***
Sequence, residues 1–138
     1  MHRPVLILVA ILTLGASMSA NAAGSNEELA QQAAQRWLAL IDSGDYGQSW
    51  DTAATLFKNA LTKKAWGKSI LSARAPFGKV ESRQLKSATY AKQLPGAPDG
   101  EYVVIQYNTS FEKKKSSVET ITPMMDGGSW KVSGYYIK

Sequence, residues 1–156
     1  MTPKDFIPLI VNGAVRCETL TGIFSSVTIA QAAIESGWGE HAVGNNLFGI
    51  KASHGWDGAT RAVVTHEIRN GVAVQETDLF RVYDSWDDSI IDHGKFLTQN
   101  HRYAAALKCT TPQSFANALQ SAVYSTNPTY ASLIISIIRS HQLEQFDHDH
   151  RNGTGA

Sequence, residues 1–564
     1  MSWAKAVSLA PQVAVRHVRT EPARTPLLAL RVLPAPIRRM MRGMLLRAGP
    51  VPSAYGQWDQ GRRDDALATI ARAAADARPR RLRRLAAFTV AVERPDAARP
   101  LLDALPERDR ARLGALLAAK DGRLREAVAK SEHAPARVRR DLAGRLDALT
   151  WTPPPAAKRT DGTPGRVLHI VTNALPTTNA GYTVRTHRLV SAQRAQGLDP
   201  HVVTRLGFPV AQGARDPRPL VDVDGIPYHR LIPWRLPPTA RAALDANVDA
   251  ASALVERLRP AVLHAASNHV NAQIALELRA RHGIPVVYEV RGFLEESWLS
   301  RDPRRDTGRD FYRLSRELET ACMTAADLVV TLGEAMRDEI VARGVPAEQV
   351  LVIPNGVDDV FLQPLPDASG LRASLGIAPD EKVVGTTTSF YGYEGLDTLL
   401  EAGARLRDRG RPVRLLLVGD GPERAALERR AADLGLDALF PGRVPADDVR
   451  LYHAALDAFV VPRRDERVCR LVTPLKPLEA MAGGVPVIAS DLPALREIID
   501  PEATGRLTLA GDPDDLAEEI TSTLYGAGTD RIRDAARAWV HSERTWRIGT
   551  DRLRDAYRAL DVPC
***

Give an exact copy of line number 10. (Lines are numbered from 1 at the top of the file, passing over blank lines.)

Sequence, residues 1–564